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Discovering Who

Confessions of a Doctor Who Fan

By Murray Cramp

My earliest memory of anything even remotely Doctor Who related is strutting robot-like in the school playground chanting "Ex-ter-min-ate" with arms outstretched. I can remember enjoying the feeling of being an invincible killing machine and somehow the idea of eliminating annoying school teachers and bullies appealed greatly. That was sometime back in the mid-Seventies, when the worst insult was being called 'fatty', and the worst thing that could happen to you was being made to wear that purple cardigan your grandmother knitted for you to go with your wide-collared shirt, flares and Charlie Brown shoes. Yes, life was simple, or so it seemed.

It is difficult to remember any detailed information about Doctor Who during this time, although I know I did watch the programme off and on. But Doctor Who was just one of many methods of employing time in a profitless and impractical way. It was of no special significance to me. The school library had a few of the early Who novels, and I remember reading The Daleks, The Abominable Snowmen, The Green Death, and maybe one or two others.

Above all else, it is the general feelings associated with viewing the show that I recall rather than the specific stories. Exciting scenarios, frightening monsters and eager anticipation at the various suspended enigmas are things I remember. Being something of a child with a glorified and distorted notion of militarism I particularly liked the Daleks, Sontarans and Ice Warriors. The Doctor seemed like a wishy-washy do-gooder (Jon Pertwee) and this annoyed me after a while. Stories which were more science or space- based did not appeal anywhere near as much as ones with a more contemporary and terrestrial feel. As a consequence I seem to recall losing interest in Doctor Who many times. But occasionally I might catch an episode here and there and stay tuned in for a few weeks until they moved on to a 'dumb' story - one I didn't like.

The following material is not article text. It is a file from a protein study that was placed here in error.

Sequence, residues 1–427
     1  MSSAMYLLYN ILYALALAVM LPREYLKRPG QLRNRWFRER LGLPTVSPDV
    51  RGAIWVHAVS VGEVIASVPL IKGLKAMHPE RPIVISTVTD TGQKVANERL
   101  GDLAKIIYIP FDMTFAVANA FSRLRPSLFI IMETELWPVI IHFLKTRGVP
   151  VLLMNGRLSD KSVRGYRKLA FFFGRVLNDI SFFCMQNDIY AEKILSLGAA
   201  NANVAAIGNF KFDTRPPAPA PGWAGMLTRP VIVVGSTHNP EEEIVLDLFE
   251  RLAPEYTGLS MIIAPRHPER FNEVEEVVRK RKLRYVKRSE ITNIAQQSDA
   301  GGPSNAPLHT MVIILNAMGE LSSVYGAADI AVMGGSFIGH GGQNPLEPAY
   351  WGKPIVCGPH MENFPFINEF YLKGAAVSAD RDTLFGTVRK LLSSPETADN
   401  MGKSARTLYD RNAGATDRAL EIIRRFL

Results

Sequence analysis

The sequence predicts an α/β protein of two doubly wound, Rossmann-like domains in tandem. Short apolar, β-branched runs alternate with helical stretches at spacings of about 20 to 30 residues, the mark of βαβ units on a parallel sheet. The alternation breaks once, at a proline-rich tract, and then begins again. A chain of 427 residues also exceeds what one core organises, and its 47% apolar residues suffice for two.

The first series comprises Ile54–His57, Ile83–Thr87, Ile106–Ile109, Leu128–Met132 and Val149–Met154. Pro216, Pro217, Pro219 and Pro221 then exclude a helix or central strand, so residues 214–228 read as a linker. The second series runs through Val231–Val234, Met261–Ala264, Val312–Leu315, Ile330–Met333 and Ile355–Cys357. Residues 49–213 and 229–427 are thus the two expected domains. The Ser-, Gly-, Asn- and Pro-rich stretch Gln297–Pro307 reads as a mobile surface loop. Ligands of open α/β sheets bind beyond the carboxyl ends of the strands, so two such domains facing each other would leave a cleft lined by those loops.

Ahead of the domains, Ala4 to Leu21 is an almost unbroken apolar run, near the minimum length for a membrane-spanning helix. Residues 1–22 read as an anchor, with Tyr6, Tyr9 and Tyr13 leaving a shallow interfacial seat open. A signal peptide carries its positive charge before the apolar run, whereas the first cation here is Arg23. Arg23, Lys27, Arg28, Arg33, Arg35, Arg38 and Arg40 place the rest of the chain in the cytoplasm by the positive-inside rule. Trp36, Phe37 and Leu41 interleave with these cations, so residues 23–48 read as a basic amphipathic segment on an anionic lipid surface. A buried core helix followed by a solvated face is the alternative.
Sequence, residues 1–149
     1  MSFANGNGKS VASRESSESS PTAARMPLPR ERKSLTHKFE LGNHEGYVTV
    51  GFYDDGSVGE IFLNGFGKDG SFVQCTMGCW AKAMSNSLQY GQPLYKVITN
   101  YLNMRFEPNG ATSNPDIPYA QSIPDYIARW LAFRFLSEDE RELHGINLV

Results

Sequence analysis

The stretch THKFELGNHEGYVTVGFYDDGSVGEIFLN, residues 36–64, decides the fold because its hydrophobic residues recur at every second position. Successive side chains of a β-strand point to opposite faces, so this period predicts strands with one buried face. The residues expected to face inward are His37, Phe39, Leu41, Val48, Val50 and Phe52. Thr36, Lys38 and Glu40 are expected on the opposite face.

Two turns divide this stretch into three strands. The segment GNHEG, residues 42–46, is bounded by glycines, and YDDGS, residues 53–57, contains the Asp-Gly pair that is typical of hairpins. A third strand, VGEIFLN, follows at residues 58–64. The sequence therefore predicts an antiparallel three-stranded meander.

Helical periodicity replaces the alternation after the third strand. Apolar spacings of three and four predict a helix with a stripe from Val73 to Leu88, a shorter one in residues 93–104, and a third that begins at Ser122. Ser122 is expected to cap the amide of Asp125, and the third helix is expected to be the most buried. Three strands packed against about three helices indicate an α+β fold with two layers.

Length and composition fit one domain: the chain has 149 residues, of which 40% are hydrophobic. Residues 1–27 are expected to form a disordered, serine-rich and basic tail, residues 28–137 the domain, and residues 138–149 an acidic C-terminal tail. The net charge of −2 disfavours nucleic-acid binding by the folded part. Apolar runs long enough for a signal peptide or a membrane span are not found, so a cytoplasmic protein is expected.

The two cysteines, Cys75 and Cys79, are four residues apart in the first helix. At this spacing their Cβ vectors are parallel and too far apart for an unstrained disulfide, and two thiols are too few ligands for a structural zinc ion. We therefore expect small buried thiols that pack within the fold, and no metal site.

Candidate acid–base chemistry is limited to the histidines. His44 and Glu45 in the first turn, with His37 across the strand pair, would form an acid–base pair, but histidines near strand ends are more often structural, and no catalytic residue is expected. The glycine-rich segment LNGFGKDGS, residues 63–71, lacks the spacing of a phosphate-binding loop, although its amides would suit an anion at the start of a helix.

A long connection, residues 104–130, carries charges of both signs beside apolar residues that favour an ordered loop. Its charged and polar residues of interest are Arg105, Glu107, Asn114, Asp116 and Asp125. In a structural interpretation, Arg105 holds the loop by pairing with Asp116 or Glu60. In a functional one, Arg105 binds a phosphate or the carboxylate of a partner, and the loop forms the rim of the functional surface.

When Doctor Who returned to New Zealand screens in 1985, I watched it avidly for some time and began to see it as a unique and interesting piece of television. But I eventually drifted away from it again. My viewing became erratic after The Curse of Peladon, and I slipped into the same pattern as before.

In 1988, for some inexplicable reason, I thought it might be fun to make a home video. It was nothing serious, just an attempt to increase my interest in life. For another equally inexplicable reason it seemed like a Doctor Who spoof would be a pretty neat idea. The fact that none of us who were involved had anything more than a basic knowledge didn't seem to matter. But as a result I began to look at Who in a different way. I became captured by what can only be described as the magic of Doctor Who.

Forget the movie that never happened. But along the way I met Chris Mander (who had been a fan for some time). One thing led to another and pretty soon I knew Jon Preddle and Paul Scoones and became a member of the NZDWFC. Within two years I had all of the Target novels and a stack of videos and other merchandise. Going into Whitcoulls and buying 20 or 30 Doctor Who books is an experience never to be forgotten - "Bit of a Who fan are you?" said an astonished shop assistant. "No," I replied, "They're for a friend."

I openly encourage others to write for this column. Partly because it might help me to understand why I became a fan myself, but mostly because an otherwise blank page entitled 'Discovering Who' would look rather stupid. So send us your memories!

This item appeared in TSV 26 (December 1991).

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